The question that you all want to know is what do the dogs do when they have to go to the bathroom?  Are they trained to go on the boat?  Ideally, we all want the dogs to be boat trained on a pad before casting lines for the cruising lifestyle.   Sadly, that doesn’t happen overnight and sometimes not ever. 

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Gypsies Palace

Meet Gypsies Palace – An Endeavour 48 Power Catamaran

Since we are starting over with our Coastal Journeys blog I thought it would be a perfect time to provide a more detailed look at Gypsies Palace and why we selected her.  The majority of our 1st blog was on a Leopard 47 Power Catamaran with a 25 foot beam.  Gypsies Palace now is an Endeavour 48 Power Catamaran with an 18 foot beam.  As you can tell, we love Power Cats! 

Gypsies Palace – Endeavour 50 Power Catamaran

We often get the question when people look at Gypsies Palace – “Isn’t she top heavy?”  I admit the boat does look that way, but she is not.   The boat is 52,000 lbs. and extremely stable in the water and wind.  This Endeavour appears to be tall, but she is only 19 feet to the top of our running light so we fit under many bridges. 

Gypsies Palace is an American made boat manufactured by Endeavour Corp., who has been making sailboats and catamarans for over 30 years in Clearwater, FL.  This is not a mass produced boat.  Only 11 Endeavour 48’s have been built with the last boat being splashed in 2019.  Endeavour also makes a 40 foot model that is very similar to the layout on our boat.  However, their most popular model is their Endeavour 44 Power Catamaran, which is also a great Looping boat. 

Bob & Alice Vincent from Endeavour Corp.

We truly did love our Leopard 47 Power Cat, but after two years cruising on it we decided that it just did not provide enough living space in bad weather.  The exterior cockpit was gorgeous, but frankly, we experienced more cold weather, rain, wind and bugs that made sitting outside unpleasant.  The interior salon was just too small for our needs. 

Why Did We Select the Endeavour 50?

  1.  Space – Gypsies Palace has nearly 850 square feet of living space.  There is plenty of room to entertain guests with a salon downstairs and a large Sky Lounge upstairs.  The feeling of openness with windows 360 degrees that can be opened up for cross ventilation.  That is a rarity in trawlers.  People find that a catamaran feels more open which is important when cruising long term.   Steve is 6’2’’ and is able to stand easily throughout the boat.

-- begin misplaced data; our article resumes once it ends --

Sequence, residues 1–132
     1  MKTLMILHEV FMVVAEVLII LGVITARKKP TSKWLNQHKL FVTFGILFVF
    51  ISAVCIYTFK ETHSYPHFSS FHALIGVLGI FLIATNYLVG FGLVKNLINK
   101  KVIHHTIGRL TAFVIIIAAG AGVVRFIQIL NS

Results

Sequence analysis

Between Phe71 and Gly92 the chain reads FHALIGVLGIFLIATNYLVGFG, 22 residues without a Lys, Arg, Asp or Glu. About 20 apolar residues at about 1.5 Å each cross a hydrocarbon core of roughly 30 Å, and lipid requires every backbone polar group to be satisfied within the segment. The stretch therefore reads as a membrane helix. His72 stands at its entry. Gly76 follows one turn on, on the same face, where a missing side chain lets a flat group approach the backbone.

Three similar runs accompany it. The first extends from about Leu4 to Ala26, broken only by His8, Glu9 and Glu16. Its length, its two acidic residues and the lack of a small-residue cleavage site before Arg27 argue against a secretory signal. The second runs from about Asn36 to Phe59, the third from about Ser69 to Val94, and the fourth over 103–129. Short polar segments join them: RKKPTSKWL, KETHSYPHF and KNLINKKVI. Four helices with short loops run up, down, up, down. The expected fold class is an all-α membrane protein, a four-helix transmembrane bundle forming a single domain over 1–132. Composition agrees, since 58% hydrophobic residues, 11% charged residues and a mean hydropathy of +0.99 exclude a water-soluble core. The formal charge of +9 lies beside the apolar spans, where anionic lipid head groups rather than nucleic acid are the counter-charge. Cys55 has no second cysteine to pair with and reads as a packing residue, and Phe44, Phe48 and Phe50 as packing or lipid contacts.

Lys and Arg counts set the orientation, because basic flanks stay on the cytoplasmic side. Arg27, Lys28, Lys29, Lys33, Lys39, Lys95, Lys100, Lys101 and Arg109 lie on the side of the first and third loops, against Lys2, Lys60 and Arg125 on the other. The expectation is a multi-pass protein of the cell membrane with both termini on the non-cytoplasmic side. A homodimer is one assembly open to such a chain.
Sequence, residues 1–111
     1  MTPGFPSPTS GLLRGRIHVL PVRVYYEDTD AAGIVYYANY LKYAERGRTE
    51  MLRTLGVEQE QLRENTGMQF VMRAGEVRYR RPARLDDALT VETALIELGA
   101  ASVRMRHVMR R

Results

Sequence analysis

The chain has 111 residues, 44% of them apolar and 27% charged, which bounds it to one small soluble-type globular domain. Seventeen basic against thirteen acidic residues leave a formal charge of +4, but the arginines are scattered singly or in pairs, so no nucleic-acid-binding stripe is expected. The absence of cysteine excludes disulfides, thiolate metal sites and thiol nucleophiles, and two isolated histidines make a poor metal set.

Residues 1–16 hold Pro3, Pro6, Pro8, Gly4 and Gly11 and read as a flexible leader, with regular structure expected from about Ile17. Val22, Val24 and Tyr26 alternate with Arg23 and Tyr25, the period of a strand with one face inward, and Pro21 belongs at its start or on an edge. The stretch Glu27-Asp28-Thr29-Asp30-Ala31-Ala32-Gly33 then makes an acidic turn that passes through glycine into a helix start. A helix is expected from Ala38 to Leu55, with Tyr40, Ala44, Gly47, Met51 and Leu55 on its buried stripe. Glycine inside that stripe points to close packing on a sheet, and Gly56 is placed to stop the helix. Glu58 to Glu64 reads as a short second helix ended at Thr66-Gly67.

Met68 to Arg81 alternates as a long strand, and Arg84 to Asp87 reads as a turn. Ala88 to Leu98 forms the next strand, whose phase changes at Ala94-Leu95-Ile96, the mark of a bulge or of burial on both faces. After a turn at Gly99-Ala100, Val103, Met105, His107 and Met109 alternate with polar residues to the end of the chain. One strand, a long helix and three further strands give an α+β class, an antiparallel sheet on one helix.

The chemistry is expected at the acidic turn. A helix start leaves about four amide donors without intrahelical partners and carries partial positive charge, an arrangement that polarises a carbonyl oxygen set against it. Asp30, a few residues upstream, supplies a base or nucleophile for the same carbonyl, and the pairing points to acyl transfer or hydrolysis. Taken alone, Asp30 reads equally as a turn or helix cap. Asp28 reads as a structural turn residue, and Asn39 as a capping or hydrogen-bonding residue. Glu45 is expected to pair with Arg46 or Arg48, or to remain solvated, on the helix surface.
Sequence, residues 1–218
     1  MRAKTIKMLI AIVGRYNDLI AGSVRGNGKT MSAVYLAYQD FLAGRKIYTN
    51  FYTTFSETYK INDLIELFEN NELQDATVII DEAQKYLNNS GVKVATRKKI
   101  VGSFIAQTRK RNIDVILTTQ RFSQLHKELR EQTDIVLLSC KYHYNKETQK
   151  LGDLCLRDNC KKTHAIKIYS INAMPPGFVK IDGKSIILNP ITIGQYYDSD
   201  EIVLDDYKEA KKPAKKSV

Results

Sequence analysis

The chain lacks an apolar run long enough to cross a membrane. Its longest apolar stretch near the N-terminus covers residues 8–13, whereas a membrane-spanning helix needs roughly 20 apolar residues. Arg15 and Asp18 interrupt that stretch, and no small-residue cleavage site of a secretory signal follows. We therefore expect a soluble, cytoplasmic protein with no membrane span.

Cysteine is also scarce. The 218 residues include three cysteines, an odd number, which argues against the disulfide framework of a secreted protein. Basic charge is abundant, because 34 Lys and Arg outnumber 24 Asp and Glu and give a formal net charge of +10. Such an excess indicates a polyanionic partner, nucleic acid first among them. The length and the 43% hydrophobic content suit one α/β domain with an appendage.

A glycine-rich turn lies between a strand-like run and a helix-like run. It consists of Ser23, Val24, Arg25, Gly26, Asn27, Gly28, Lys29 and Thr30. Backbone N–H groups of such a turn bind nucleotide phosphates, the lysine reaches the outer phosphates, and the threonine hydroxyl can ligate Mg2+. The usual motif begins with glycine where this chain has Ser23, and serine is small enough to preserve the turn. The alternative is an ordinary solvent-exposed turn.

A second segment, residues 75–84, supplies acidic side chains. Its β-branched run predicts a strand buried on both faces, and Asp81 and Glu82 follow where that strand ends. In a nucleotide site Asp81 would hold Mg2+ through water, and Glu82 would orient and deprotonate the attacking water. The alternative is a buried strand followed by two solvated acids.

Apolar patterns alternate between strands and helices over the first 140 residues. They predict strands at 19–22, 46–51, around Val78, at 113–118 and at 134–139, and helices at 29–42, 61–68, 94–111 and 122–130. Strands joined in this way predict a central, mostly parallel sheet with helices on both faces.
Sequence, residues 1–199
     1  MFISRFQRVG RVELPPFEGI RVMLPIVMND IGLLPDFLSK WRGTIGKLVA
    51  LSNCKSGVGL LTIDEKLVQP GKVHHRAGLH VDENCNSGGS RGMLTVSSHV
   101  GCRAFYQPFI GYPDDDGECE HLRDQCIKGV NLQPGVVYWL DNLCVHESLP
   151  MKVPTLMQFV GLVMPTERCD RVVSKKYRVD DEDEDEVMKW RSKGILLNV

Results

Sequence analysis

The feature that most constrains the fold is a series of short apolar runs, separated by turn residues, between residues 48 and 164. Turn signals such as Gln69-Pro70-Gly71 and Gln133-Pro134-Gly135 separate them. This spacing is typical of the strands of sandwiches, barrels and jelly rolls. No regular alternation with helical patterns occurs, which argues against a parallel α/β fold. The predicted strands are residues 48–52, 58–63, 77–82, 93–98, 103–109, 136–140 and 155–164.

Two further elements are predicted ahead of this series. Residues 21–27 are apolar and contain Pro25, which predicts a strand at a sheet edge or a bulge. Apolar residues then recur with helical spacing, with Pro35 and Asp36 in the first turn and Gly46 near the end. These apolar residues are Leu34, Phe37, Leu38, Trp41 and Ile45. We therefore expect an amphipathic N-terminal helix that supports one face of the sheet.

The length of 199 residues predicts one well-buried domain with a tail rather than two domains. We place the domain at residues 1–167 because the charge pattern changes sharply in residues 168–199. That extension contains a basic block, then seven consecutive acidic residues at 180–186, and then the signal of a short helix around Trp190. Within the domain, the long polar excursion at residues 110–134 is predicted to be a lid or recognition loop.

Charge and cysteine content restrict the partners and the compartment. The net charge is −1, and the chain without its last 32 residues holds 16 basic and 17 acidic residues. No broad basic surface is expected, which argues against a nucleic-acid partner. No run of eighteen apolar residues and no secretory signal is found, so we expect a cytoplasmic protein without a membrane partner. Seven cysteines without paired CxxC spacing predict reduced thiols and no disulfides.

2. Galley – It is a pleasure to cook on Gypsies Palace with an island bar much like you would have in a condo.  There is a dishwasher, propane stove, convection microwave, ice maker, 2 refrigerators, freezer and wine cooler.  There are deep pull out drawers and plenty of cabinets for storage.  Additionally, there is shelving behind one of the couches to store extra supplies.  Creating a dinner on board is just like cooking at home!  
  3. Master Bedroom – Again, plenty of space including a complete walk around bed that can be either king size or queen. 
  4. Master Head and Shower – It is mostly the shower we love.  It is down in one of the hulls and provides so much room!  There is plenty of room for toiletries, too.
  5. Comfort While Underway – We can easily carry on a normal conversation.  The helm / Sky Lounge has 360 degree visibility with windows (with screens) that we can open.  This is particularly nice when traveling the area with the biting files.  We are protected!   The staircase is inside so no one has to go outside in bad weather while underway.  The enclosed helm is also really nice on cold and rainy mornings.  We are dry and comfortable. 
  6. Stability and Maneuverability –  A catamaran provides greater stability and it is easy to control.  Our 18 foot beam allows us to fit in many marina slips. 
  7. Hull Design – Our props are protected in a tunnel drive.  Our hulls are actually flat and we could beach the boat and float off at high tide if we wanted to.  Our draft is 3.5 feet and even if we “touch” we can back off easily and continue on without any damage.  It is also harder for us to grab a crab pot!